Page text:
2011 Survival & Preparedness Conference Recap

As I’ve blathered on about several times here leading up to the event, the 2011 Survival & Preparedness Conference was this past weekend in Dallas.

It…was…AWESOME!

I wasn’t able to sit in on all of the presentations, unfortunately, due to giving my own talks. But, I learned a ton of great information on plasticulture, escape and evasion tactics, sheltering in place, family preparedness, and wild edibles, among other topics. One of the many highlights of the weekend was meeting one of my idols, Dr. Bruce Clayton.

Just as important as the learning was the chance to meet and interact with some really great people. The attendees really ran the entire spectrum, from young guys in their late teens/early twenties to folks in their seventies.

I’d like to personally thank each and every one of my readers here who attended the conference. If you had even half the amount of fun I did, you’ll agree it was worth the trip.

In the next day or two, I’ll have a few photos to share. Haven’t had time just yet to download them from the camera.

Weekly Assignment — Memorial Day

I’m posting this early as I fly out for the 2011 Survival & Preparedness Conference Friday and won’t return home until late Monday.

This is Memorial Day weekend. A time of fun, parades, cookouts, and family gatherings for the most part. However, this also brings the absolute most important assignment I will ever give you in this blog.

Sometime this weekend, I want you to find a veteran, look them square in the eye, shake their hand, and thank them for their service to this country. I don’t care what branch they served with, when they served, or for how long. Every veteran deserves our undying gratitude for their service.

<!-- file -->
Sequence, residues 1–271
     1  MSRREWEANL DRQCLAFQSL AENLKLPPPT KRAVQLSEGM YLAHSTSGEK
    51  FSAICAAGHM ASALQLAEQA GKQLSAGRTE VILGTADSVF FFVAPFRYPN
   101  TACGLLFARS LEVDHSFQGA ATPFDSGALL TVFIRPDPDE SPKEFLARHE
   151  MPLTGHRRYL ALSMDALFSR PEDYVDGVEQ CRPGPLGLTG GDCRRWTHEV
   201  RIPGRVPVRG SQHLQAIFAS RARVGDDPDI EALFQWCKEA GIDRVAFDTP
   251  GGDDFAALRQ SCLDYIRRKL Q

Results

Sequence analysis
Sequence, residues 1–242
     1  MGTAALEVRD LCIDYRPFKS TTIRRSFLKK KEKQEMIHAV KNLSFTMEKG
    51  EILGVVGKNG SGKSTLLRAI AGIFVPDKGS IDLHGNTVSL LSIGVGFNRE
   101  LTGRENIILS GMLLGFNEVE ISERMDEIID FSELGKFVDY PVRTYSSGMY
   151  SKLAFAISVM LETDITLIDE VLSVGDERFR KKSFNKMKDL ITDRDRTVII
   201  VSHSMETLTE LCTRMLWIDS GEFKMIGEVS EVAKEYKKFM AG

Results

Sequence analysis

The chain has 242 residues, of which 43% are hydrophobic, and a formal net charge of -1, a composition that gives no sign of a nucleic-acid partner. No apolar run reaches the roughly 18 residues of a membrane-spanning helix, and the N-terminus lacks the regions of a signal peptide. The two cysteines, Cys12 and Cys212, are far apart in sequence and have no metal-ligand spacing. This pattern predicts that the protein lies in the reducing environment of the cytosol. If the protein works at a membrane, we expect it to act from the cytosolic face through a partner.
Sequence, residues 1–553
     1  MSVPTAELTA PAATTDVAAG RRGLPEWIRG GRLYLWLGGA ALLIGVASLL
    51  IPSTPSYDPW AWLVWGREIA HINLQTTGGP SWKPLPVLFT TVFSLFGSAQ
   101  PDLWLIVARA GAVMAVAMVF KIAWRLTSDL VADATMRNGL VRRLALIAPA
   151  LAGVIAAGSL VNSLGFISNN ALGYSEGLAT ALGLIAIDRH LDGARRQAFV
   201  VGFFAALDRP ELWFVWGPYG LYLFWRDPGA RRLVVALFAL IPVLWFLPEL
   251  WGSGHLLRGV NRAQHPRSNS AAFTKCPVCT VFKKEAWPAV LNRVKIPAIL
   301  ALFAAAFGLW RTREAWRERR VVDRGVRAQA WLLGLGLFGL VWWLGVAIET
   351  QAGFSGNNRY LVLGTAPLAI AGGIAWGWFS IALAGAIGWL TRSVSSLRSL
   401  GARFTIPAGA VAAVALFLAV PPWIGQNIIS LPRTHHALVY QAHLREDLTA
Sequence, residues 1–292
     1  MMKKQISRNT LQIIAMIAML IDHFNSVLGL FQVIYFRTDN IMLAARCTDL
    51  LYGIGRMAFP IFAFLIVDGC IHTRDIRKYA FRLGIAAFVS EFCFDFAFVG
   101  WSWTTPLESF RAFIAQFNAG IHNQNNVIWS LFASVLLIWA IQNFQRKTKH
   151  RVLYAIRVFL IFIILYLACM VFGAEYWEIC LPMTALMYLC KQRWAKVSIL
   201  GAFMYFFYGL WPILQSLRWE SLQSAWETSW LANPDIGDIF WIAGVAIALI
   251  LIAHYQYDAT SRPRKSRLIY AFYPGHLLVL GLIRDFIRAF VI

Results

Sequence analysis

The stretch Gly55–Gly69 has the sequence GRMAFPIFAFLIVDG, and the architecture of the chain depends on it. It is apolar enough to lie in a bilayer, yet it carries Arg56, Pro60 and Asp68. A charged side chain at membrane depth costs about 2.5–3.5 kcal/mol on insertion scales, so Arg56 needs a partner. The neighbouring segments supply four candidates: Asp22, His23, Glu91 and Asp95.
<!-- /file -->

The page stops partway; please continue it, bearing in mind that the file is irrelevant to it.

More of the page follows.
To all the veterans reading this blog, I thank you from the bottom of my heart for your sacrifice to keep our country free.

Walking sticks

A good walking stick can serve many uses when forced to travel on foot. For example:

It can be an effective self-defense weapon.

You can lash a knife to the end to make a crude but useful spear for hunting.

It can be lashed between two trees to serve as a cross-brace in a lean-to shelter.

It can be used to gauge the depth of small streams to judge crossing safety. Check the depth of snow drifts as well.

It can provide extra leverage when walking uphill.

You need not go out and spend a ton of money on anything fancy either. Head to your local hardware or home improvement store. Get a wood dowel 48″ long x 1.25″ thick. Shouldn’t probably cost you more than about five bucks. If you want to make it look pretty, you could paint/stain it or even use a wood burner to create designs on it.

I keep mine in my trunk alongside my GHB (Get Home Bag).

Display your house number

A friend of mine who works as an EMT and has also been a firefighter in the past asked me to bring up this topic. In the event you need to call 911, seconds count. Please make sure your house number is clearly marked in a location easy to see from the street. Time and again, these emergency crews expend crucial ticks of the clock trying to determine which house it is where they are needed.

If possible during an emergency, send someone outside to the end of the driveway to flag down the rescue squad, police, and/or fire crews.

With that said though, let’s say you’re home alone and suffer an injury. You are able to get to the phone and dial 911 but are unable to carry on a conversation with the dispatcher. Standard protocol is to send out a police officer to investigate 911 hang ups or 911 calls where the caller isn’t responding to the dispatcher. The 911 system is set up such that they can automatically trace the call to your address. But, don’t make them have to hunt for your house. Display your house number on your mailbox at the minimum, preferably also on or near your front door. Use reflective numbers and letters so it is easy to read at night.

End of the world movies

While I don’t watch nearly as many movies today as I used to, I do greatly enjoy munching popcorn while I watch the end of the world from the comfort of my couch. Here is a small smattering of those movies I particularly enjoyed. I’d love to hear your own favorites as well. Leave your top ten or whatever in the comments below.